No venom resistance in snake-eating birds: 'They just don't need it'
To eat or get eaten. It describes the evolutionary race of snakes versus the mammals and birds that prey on these snakes. Muzaffar Ali Khan devoted his Ph.D. to investigating the molecular mechanisms play of the evolutionary arms race, and has his promotion 16 February. What makes mammals and birds successful in their snake hunting?
"I grew up in Pakistan, a part of the world where some farmers keep peacocks. Peacocks are famous for their ability to attack and kill snakes," Khan says. "I wanted to know more about animals that are capable of killing dangerous snakes and know how they do it." Under the supervision of Michael Richardson at the Institute of Biology Leiden (IBL), Khan analyzed the molecular resistance against cobra venom and found considerable differences in resistance between animals groups.
Genetic resistance in mammals differs
Khan looked at several mammals that eat snakes, such as the Asian mongoose, the European hedgehog, and the honey badger. He determined that only mammals that shared territory with snakes have evolved some form of resistance. The resistance made snake venom less potent, by making the toxins unable to bind to its target in the mammal body.
Even more interesting, the changes Khan found in the DNA were not the same in all animals. Khan: "That means that different animals evolved the resistance in their own way, without a common ancestor that already was resistant in the first place. It shows that it is essential for some mammals to have protection against cobra venom. If they didn't, the snakes won and killed them."
No genetic resistance in birds
With this in mind, Khan also looked at several birds of prey and other snake-eating birds. Hawks, eagles, the secretary bird, and peacocks, the red-legged seriema among others, were investigated. But when Khan analyzed their DNA, he was amazed. None of these snake-eaters were even slightly resistant, in genetic terms, to snake venom. "That finding was fascinating. What makes these birds able to kill snakes?"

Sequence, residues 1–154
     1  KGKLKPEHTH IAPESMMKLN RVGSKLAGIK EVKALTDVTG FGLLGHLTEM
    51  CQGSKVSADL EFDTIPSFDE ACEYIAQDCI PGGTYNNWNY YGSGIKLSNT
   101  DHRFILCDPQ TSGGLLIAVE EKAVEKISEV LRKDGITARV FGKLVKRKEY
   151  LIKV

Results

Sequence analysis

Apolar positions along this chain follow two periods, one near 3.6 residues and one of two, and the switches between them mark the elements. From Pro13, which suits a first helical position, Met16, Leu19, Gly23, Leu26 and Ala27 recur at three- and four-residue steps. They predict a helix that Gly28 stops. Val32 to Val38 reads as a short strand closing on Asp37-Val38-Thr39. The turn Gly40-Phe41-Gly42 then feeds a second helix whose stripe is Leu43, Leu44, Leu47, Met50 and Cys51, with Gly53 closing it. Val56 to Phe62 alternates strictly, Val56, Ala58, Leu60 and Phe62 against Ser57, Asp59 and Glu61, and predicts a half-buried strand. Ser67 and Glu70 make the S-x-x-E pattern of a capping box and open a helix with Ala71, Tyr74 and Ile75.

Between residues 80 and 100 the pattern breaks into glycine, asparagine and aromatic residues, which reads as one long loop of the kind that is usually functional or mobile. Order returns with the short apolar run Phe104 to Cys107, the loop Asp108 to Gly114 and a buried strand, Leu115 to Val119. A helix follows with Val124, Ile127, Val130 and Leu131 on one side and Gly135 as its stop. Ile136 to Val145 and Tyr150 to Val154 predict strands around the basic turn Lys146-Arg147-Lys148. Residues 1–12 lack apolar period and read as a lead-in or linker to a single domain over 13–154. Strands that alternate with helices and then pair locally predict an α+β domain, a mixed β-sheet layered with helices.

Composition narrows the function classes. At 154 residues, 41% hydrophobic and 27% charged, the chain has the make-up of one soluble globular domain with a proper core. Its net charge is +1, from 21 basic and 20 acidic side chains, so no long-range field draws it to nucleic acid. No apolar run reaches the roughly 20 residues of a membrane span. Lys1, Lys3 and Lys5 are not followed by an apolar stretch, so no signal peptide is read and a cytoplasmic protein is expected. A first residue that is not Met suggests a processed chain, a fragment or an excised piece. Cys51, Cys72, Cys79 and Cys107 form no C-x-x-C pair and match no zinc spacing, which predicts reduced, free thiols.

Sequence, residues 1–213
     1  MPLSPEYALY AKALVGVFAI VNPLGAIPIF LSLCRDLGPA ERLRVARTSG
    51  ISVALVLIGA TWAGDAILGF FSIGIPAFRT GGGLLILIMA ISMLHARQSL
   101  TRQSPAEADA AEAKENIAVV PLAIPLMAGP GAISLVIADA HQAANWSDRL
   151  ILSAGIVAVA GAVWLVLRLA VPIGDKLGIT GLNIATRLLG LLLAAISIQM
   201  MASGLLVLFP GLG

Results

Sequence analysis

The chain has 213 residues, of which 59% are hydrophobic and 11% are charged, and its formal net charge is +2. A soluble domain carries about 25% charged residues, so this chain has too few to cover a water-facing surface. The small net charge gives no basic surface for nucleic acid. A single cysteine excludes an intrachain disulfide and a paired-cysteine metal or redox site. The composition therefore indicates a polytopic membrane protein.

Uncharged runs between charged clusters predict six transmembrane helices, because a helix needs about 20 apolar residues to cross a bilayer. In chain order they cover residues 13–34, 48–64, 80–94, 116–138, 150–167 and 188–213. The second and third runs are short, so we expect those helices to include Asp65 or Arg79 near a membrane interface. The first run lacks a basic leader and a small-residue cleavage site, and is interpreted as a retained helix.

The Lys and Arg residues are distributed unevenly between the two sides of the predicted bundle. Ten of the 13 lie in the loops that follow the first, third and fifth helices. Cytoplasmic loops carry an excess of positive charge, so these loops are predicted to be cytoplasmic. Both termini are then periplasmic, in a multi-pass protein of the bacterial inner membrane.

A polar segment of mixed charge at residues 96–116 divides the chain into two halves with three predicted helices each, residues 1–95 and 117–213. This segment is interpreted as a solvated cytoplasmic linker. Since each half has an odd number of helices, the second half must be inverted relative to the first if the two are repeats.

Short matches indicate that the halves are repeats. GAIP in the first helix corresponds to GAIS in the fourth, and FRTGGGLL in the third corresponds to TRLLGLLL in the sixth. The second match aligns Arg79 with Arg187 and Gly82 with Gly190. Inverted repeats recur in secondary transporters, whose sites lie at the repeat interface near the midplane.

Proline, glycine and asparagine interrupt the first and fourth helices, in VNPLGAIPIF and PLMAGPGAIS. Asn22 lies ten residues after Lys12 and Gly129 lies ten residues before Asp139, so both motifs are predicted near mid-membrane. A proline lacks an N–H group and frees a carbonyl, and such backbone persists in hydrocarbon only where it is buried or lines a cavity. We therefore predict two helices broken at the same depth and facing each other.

Khan and supervisor Richardson do have a theory. "Some birds attack snakes with impunity, even though they have no resistance," Richardson says. "It seems that the resistance is redundant: There is no selection pressure for it. Birds have feathers, scaly legs, excellent vision, are very intelligent, and are very agile. The snakes don't stand a chance against all these adaptations, so birds just don't need to be resistant."
A race of life and death
Khan adds: "They kill snakes with their speed and know how to distract the snake. They open their wings to divert the snakes' attention and then try to peck the back of the neck, away from the fangs. It is like an action movie. It is a race of life and death."
Treatment for snake bites
Both researchers hope to continue their study on differences in resistance to snake venom. "For example, we also found that snakes that live in the same territory as other snake species, often have evolved some form of molecular resistance against each other," Khan explains. "We want to understand the genetic variation between animal groups. Every year, thousands of people worldwide die from snake bites, especially in Asia and Africa. One day, we hope to use our knowledge to develop a genetic treatment. That can potentially save the lives of a lot of people."
Provided by Leiden University